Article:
2) I try to prepare simple, basic meals that are nourishing and delicious.
These meals don’t have to be fancy. As long as they are healthy and good for your family, that’s all that matters, right? That’s not to say you can’t make an effort to make your food look pretty. Take pride in what you’re eating and serving!
I can usually get by only making two or three main dishes and squeezing other meals out of those leftovers or adding other types of meals such as breakfast for dinner (substituting eggs for meat), or utilizing one whole chicken for broth in my chicken soup and using the meat for three or four other meals.
I have found that it’s ok to repeat meals each week. It makes life simpler. If you have a handful of delicious recipes that the family enjoys, make them more often rather than fancy, new recipes that might cost a little more to buy ingredients for. I am not saying don’t try new recipes. I love trying new recipes. But as a whole, I try to make the same favorite meals every week or every other week and then throw in something new occasionally.
More often than not, we try to eat what we know. It helps us save money and time. It also helps if you have the basics around like flour, honey, oats, etc. These items can help you in a bind and provide the opportunity to add variety to regular meals such as homemade tortillas, biscuits and honey, cornbread, muffins, cookies, etc. Adding a yummy baked good to most meals enhances them! Also by being able to buy more fresh produce, adding a fruit salad, a fresh garnish, or a yummy side salad and veggies would be something different to add to your basic main dishes.
A sample weekly menu looks a little something like this at our house:
Monday: B- Oatmeal with cinnamon and milk. L-Tuna & Crackers. D-Chicken soup (homemade broth from whole chicken) with rice and veggies.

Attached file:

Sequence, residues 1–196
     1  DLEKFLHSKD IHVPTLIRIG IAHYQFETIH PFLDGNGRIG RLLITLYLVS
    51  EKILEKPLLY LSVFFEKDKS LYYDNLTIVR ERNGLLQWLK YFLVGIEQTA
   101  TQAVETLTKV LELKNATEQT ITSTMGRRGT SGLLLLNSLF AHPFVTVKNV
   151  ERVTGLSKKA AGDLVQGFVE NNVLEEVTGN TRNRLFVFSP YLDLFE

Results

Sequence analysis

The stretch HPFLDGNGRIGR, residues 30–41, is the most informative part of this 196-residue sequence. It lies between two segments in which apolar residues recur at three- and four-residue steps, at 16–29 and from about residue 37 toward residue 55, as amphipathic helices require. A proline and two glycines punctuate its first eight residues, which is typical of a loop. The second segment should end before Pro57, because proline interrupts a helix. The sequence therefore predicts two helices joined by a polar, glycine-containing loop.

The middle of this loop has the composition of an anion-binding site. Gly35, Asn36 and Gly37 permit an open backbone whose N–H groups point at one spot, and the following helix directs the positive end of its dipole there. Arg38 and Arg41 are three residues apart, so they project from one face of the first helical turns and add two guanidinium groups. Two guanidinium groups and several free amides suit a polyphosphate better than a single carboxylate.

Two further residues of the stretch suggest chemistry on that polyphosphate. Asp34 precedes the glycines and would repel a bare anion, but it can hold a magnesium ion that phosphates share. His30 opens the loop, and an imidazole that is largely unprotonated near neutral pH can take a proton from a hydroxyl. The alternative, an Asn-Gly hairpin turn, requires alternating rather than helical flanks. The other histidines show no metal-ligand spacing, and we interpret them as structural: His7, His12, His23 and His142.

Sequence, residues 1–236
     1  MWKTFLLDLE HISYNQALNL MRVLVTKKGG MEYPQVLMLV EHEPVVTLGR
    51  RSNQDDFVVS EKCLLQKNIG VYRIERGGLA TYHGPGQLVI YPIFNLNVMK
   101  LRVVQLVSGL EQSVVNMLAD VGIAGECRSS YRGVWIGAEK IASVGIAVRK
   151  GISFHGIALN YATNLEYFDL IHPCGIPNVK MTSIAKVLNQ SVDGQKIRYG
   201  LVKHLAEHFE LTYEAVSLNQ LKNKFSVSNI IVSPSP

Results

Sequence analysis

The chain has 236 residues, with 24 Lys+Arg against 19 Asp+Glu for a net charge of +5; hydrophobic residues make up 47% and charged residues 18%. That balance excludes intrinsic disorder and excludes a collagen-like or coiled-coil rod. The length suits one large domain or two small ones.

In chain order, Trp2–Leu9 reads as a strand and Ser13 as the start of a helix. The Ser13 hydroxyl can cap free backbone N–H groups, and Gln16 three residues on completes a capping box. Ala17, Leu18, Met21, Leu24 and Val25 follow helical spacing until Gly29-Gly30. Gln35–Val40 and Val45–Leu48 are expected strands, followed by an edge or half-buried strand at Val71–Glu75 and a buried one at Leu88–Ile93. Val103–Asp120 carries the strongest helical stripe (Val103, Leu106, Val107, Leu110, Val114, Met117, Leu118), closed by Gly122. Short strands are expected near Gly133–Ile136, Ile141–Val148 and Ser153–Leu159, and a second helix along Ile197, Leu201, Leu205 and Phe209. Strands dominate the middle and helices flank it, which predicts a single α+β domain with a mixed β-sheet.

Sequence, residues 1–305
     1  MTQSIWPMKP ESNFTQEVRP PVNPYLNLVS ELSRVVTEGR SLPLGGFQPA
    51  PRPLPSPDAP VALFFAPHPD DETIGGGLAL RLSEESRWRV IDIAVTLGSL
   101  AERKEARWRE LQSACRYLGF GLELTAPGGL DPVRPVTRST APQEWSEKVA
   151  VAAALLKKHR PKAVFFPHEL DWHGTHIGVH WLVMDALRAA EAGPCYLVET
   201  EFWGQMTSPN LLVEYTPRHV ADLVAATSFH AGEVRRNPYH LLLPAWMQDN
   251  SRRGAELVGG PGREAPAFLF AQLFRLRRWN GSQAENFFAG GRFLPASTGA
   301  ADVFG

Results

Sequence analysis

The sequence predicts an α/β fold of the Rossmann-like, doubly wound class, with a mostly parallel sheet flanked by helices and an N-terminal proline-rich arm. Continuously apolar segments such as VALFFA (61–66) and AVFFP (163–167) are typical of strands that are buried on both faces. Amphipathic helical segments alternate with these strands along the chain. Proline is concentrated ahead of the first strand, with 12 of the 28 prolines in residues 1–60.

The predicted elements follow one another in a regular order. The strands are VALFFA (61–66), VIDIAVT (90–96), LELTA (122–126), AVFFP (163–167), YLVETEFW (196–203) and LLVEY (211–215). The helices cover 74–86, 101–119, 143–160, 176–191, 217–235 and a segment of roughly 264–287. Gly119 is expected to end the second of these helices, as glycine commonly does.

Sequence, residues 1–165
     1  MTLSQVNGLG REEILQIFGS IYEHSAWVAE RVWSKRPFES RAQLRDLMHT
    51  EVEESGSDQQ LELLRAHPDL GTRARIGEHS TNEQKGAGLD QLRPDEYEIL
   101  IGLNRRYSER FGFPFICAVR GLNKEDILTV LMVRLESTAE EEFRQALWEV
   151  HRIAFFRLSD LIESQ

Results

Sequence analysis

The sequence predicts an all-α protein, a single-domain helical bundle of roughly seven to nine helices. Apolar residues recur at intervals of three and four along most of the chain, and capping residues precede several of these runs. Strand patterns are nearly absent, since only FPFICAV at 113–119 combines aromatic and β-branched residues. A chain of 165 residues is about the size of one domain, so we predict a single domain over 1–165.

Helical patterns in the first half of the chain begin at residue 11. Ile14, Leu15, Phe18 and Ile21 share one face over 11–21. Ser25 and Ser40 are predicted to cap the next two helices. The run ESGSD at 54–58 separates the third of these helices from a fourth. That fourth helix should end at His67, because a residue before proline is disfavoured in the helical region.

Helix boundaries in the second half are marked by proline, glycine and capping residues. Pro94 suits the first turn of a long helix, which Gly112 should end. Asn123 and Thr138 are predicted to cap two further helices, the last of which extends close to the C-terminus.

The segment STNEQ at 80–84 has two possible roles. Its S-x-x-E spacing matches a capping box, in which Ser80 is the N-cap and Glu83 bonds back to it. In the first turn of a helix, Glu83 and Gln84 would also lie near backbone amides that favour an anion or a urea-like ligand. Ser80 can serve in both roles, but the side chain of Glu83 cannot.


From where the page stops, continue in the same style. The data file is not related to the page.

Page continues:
Tuesday: B- Eggs and toast. L-Leftover soup. D-Chicken tacos (with leftover chicken from yesterday) & homemade guacamole.
Wednesday: B-Oatmeal with cinnamon and milk. L-BBQ chicken sandwiches (again, with more left over chicken). D-Taco soup.
Thursday: B-Eggs or smoothies. L-Leftover taco soup. D-Homemade pizza
Friday: B- Toast, yogurt+fruit, or oatmeal. L-Left over pizza or taco soup. D-Chicken salad
Saturday: B-Pancakes. L-Leftovers. D- BLTs
Sunday: B-Fend for yourself (AKA something quick before church like fruit, toast, or yogurt. Lunch-Chili from the crockpot. D-Meal at our church for the kids, date night/take out for Mom & Dad.
Overall, the benefits of meal planning I’ve found are:
-Spend less money at the grocery store.
-Stay within budget more easily.
– The ability to purchase fresher foods more often.
-You actually might eat your leftovers!
-Spend less time on meals over all.
-Remove the struggle of “what’s for dinner?”
There are several resources that helped/help me meal plan. Some I use and some I have only looked at for examples.
Some good resources:
*I have not been compensated for mentioning/linking these websites. These do not include affiliate links.*
How do you plan meals for your family? Do you have any tips for busy moms who don’t think they have time to meal plan? Share your thoughts and meal plan tips in the comments below!
A note from Jami:
I’ve actually converted to an online system for my meal planning and now I can do my complete meal planning and print off my shipping list within just a couple of minutes. This new website I’ve been using is called Build a Menu.
I originally purchased a membership almost a year and a half ago when they ran their super special sale and I’ve been so happy with Build a Menu! And right now, you can try out Build a Menu for just $4 for your first month! Use coupon code: SaveMeMoney to try out my very favorite meal planning solution!